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As more American peacekeeping troops poured into Haiti, the Pentagon's top general expressed grave concern about the potential for violence among rival Haitian factions and warned Tuesday, "We can be taking casualties at any moment."

Gen. John Shalikashvili, chairman of the Joint Chiefs of Staff, said no problems have been encountered yet in the 2-day-old operation, with 6,000 troops expected to be in Haiti by nightfall.However, he said, "This is the first day of an awful lot of days. This uncertainty, this breakout of hostilities of Haitian-on-Haitian violence can come at any time."

Even as Shalikashvili emphasized the continuing danger for American troops, President Clinton reassured congressional leaders that, "This is a very different and a much better day" than if there had been an aggressive invasion of Haiti.

Clinton and senior Pentagon officials briefed congressional leaders at the White House on the deployment. By week's end, up to 15,000 Americans are expected to be in Haiti.

While no resistance has been encountered, Shalikashvili said there's no agreement yet on how to disarm the Haitian military.

Clinton won plaudits from Republicans and Democrats - and a boost in his poll ratings - for avoiding an outright invasion of Haiti with a last-minute peaceful settlement.

Yet, lawmakers of both parties already expressed worries about this new commitment of U.S. forces in Haiti. And former President Jimmy Carter, who helped negotiate the agreement that averted a U.S. attack, sharply criticized the Clinton administration's handling of Haiti.

Carter said he had made a "very emotional speech" to Haiti's military leaders to win the agreement for them to step down.

"One of the things was that I was ashamed of my country's policy," the former president said on his return to Atlanta Monday night.

White House press secretary Dee Dee Myers said, "President Carter may have a different view of that. It's certainly his right."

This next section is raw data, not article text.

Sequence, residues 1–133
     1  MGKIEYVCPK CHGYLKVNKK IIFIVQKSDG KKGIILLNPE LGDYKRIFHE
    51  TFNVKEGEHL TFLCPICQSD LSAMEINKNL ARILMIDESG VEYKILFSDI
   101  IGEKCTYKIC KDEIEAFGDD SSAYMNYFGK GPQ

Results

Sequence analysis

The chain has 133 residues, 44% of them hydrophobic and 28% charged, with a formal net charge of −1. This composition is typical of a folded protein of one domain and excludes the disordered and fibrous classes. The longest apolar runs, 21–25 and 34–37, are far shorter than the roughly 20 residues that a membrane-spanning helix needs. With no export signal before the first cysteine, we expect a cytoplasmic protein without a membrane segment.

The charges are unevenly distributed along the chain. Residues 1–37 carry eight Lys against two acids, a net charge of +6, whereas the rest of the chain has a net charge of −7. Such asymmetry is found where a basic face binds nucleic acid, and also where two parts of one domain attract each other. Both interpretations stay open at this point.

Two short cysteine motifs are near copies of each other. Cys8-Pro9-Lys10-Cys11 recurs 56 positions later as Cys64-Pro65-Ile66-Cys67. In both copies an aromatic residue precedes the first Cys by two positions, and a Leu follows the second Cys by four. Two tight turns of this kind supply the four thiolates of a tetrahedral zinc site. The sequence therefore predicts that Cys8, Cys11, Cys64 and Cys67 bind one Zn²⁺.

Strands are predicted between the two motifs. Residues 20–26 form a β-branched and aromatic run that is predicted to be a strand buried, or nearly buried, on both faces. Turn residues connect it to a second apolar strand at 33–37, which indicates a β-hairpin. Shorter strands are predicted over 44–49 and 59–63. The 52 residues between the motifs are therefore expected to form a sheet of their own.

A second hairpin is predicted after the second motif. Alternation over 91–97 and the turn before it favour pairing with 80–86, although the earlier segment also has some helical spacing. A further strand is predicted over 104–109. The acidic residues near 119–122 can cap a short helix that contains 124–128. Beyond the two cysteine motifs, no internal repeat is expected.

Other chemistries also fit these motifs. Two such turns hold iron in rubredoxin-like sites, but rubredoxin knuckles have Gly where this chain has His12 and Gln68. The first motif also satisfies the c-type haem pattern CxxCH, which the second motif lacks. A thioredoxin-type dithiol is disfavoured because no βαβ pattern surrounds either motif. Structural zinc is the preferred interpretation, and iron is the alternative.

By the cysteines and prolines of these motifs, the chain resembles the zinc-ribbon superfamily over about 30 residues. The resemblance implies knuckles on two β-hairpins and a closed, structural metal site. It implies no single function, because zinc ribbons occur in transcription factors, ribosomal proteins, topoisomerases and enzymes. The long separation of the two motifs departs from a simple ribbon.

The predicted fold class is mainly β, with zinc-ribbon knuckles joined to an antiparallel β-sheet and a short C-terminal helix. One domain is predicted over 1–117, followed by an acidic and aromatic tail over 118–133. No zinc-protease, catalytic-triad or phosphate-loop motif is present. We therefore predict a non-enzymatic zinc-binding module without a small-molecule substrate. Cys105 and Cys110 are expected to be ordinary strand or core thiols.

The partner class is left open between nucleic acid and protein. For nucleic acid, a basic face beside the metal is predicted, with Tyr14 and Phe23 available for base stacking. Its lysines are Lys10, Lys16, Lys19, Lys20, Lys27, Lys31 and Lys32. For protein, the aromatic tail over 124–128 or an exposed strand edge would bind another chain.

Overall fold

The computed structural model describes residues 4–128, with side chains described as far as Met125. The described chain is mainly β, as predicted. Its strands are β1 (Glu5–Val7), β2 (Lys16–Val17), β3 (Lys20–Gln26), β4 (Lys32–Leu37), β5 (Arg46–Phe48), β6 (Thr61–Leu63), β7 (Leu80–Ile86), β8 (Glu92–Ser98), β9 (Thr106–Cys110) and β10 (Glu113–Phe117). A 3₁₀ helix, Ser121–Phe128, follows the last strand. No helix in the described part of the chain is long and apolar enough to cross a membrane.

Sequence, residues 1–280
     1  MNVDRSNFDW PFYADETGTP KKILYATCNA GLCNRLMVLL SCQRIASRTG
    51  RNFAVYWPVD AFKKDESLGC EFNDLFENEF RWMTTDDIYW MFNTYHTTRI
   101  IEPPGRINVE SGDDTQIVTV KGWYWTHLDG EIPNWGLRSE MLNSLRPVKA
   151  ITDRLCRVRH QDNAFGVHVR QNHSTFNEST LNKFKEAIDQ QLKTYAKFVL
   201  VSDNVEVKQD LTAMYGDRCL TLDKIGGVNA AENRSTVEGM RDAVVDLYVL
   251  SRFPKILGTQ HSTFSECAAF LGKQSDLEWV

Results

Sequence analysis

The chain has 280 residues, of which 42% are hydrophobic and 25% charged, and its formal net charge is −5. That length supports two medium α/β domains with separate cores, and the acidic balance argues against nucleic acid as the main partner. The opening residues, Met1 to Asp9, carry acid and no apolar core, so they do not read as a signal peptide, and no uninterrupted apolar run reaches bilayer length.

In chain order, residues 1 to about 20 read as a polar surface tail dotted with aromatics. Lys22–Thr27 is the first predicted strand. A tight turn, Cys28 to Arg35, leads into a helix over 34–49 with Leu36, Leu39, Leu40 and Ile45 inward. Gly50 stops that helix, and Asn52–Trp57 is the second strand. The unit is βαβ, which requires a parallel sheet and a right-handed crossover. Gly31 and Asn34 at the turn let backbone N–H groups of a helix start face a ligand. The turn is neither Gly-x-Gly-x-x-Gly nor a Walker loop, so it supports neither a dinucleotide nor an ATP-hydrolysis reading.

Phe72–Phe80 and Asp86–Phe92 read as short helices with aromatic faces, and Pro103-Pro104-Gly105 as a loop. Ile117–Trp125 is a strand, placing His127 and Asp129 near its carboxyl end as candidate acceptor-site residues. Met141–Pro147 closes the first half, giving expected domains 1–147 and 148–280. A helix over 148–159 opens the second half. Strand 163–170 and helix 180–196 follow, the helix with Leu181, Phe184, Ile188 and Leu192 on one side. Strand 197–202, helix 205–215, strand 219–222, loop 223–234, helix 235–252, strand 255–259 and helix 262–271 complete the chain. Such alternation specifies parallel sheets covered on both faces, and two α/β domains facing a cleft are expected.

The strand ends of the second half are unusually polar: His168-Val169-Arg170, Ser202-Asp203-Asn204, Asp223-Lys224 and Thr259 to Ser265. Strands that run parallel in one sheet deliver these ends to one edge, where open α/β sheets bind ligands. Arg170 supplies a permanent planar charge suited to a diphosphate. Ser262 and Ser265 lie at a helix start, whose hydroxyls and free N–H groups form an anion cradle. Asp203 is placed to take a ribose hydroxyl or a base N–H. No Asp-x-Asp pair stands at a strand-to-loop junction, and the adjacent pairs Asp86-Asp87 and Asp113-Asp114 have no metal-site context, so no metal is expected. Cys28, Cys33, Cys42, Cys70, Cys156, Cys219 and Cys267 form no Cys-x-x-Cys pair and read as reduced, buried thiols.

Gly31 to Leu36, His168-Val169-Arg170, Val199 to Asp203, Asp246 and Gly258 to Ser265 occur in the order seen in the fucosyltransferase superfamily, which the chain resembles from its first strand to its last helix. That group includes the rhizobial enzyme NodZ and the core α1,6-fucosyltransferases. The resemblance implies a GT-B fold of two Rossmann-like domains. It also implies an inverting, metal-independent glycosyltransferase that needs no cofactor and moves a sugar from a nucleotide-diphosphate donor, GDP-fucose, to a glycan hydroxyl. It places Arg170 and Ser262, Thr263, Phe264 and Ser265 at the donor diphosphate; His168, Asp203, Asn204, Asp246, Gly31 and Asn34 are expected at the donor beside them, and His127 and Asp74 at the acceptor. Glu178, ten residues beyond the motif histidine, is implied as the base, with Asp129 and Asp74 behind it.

She acknowledged a differences of opinion over the status of acting President Emile Jonassaint. The administration views him as a military puppet; Carter called him a major player in Haiti. "That was President Carter's view. We don't recognize his government," Myers said.

Shalikashvili said a prime concern is that Americans will get caught up in violence between supporters of deposed President Jean-Bertrand Aristide and backers of Lt. Gen. Raoul Cedras, the military chief. Shalikashvili said "that murky sort of a threat" is always there.

Clinton, in his remarks, said, "We must be prepared for the risks that remain for the troops, but we should recognize that we are in a much stronger and safer position to achieve our goals in Haiti today."

Sen. Sam Nunn, the Senate Armed Services Committee chairman who helped broker the deal that averted a U.S. invasion, said Tuesday that "We should not in any way underestimate the difficulties we still face there."

Earlier Monday, the House voted 353-45 for a resolution calling for the orderly withdrawal of all American forces "as soon as possible." Utah's three representatives - Jim Hansen, Karen Shepherd and Bill Orton - voted with the majority.